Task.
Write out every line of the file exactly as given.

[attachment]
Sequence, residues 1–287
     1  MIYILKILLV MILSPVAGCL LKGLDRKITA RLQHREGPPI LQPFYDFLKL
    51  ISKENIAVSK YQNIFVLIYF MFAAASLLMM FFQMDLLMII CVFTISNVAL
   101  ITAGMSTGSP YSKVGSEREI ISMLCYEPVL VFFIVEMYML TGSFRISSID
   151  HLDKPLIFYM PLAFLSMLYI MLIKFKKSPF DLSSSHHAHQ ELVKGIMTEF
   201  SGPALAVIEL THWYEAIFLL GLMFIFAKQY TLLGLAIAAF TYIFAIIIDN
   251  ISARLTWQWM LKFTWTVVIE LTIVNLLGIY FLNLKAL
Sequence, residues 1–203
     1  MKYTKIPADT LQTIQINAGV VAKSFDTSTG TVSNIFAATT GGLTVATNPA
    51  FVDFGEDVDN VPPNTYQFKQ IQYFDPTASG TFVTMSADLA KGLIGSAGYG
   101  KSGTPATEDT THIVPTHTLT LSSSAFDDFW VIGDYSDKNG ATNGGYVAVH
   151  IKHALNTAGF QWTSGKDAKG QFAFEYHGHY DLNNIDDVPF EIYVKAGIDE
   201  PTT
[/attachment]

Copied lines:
Sequence, residues 1–287
     1  MIYILKILLV MILSPVAGCL LKGLDRKITA RLQHREGPPI LQPFYDFLKL
    51  ISKENIAVSK YQNIFVLIYF MFAAASLLMM FFQMDLLMII CVFTISNVAL
   101  ITAGMSTGSP YSKVGSEREI ISMLCYEPVL VFFIVEMYML TGSFRISSID
   151  HLDKPLIFYM PLAFLSMLYI MLIKFKKSPF DLSSSHHAHQ ELVKGIMTEF
   201  SGPALAVIEL THWYEAIFLL GLMFIFAKQY TLLGLAIAAF TYIFAIIIDN
   251  ISARLTWQWM LKFTWTVVIE LTIVNLLGIY FLNLKAL
Sequence, residues 1–203
     1  MKYTKIPADT LQTIQINAGV VAKSFDTSTG TVSNIFAATT GGLTVATNPA
    51  FVDFGEDVDN VPPNTYQFKQ IQYFDPTASG TFVTMSADLA KGLIGSAGYG
   101  KSGTPATEDT THIVPTHTLT LSSSAFDDFW VIGDYSDKNG ATNGGYVAVH
   151  IKHALNTAGF QWTSGKDAKG QFAFEYHGHY DLNNIDDVPF EIYVKAGIDE
   201  PTT